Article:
10 May 2013

by jkatejohnston

Dear Max,

Yesterday Enzo got out of his bath, and without drying off, asked me to carry him. I did. He wrapped his legs around me and clapped his wet feet behind my back. I clapped my hands on his wet butt.

“I can’t believe you didn’t want to name your butt-cheeks,” I said.

“Their names are Diamond and Shiny. And my butt-crack is Rose.”

*

I’m still thinking about writing problems and the right words to use. One time in Max Schott’s (that is your) writing class, Max read a story aloud, and in the story someone exited the freeway. Max said that he’d always objected to the word ‘exit’ used for exiting a room or exiting a car—you should just say ‘leave’ or ‘get out of,’ and he’d thought that the only way you could use that word would be for exiting a freeway. But now that he saw an example, he didn’t like it for that either, and you should just say ‘get off the freeway.’

As a teacher, you can be pretty sure that the students don’t hear anything you say, and even if they do, they think you’re lying or deluded, and anyway they don’t remember anything three minutes after the class is over. And it’s very comforting. You’re unlikely to do serious harm. But that class with Max would have been about twenty-five years ago. So sometimes they do remember. God. What a responsibility.

But I knew that word was wrong before Max said so. I remember it so well because we’re all fascinated by what we agree with, especially if someone says just right what we already know to be true.

Is ‘exit’ just a hopeless word? Maybe you can exit a stage. And it works for signage.

When I was a teacher I used to write in the margins of papers, “this sounds like a vocabulary word.” It seemed cruel to write “pretentious diction,” for the weird words the students would dredge out of the thesaurus, and anyway “pretentious diction” is pretentious diction. It took me a long time to convince the students that “vocabulary word” was not a compliment. I told them not to write words that didn’t have a pretty sturdy existence in the spoken language. I also told them not to use ‘whom’ because they almost always used it wrong, and even when they used it right, it sounded lame.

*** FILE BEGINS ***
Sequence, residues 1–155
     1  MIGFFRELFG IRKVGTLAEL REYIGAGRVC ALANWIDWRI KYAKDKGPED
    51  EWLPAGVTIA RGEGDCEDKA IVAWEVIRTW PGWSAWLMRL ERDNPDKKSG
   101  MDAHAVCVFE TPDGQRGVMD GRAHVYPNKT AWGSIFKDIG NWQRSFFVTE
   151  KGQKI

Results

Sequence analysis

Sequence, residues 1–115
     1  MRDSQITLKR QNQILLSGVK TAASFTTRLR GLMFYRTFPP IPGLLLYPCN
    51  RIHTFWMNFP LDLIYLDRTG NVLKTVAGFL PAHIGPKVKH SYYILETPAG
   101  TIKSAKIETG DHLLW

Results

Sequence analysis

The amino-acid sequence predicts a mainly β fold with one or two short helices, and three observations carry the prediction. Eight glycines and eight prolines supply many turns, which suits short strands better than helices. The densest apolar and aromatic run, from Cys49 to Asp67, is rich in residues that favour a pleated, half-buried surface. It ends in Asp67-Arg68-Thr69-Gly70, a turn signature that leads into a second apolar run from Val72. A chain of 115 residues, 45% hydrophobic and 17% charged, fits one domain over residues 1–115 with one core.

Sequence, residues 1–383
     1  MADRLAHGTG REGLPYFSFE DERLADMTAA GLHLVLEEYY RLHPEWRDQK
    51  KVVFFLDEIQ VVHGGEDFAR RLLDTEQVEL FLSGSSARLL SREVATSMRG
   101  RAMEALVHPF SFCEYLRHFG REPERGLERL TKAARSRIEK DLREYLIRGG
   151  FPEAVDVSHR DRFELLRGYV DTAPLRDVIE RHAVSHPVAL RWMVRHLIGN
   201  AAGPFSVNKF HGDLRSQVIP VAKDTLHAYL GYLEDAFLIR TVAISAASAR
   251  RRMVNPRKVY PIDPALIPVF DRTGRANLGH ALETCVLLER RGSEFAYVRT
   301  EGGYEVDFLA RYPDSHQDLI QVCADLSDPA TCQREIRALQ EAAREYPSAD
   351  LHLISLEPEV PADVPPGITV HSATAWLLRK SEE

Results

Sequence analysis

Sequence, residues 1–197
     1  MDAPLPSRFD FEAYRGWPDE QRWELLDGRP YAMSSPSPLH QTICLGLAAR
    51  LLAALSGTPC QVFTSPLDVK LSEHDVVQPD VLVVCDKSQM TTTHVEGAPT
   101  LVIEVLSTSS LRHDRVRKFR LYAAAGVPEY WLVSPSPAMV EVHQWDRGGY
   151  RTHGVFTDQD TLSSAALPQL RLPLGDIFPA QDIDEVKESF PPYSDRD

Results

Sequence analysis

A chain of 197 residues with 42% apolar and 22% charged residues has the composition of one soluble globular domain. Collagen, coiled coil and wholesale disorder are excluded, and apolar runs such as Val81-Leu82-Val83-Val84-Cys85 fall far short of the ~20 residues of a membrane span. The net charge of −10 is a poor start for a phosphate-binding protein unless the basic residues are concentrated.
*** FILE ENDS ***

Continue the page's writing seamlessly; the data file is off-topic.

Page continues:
Whom. Now there’s a word with a stick up its butt. And this reminds me. You know that notation [sic] that people use in the middle of quotations to mean “not my mistake!” It reeks of smug fastidiousness. Anyway, there should be a notation that means, “I meant that mistake. So fuck off.” You could put it after split infinitives, prepositions at the end of a sentence, ‘who’ as the object of the verb, and ‘their’ as a singular preposition. I don’t follow dumb rules, but of course I want everyone to know that it’s because my taste is too good. How about [Ha!] or (as Enzo says when he’s about to get caught in tag) [Times!] Or maybe you just brazen it out.

And take a word like ‘penultimate.’ Every decade or so, you get a chance to use it, and I always go, oh goody! But in the end I have to hang my peasant head and take it out and put in ‘next to last.’ I’m glad the word exists, but it’s not for me. That’s what happens if you read when you’re young. You end up knowing a bunch of words, and you have to spend the rest of your life fighting them off.

Well, reading’s not all bad. Read all of Jane Austen and maybe you can write ‘amiable’ without feeling like an ass. But useful words do get lost. Like ‘liberal’ in The Life of Johnson means something like ‘generous-minded.’ Wonderful word and thing, but it’s been taken over by politics and ruined. And at some point ‘cunt’ picked up a whiff of insult and pornography. What a fucking shame. I do see it used (very rarely) with what I think it is the old, right feeling—sexy, funny and affectionate.  (See http://shesgonechilaquiles.blogspot.com/2013/01/mistakes.) I like Chaucer’s cunt better than Philip Roth’s. [Times!]

A while back I wrote about Enzo scolding me because I said ‘journey’ when I meant ‘trip.’ And he was right. It’s wonderful how kids completely get the feeling behind words. By the time they’re freshmen in college, it’s usually been educated out of them, at least in their writing. And I love the word ‘trip.’ It sounds so quick and cheerful.

It reminds me of this thing from Suzanne Farrell’s autobiography. She was walking in Paris with Balanchine, and he said, “I love to hear you clip-clopping along.”

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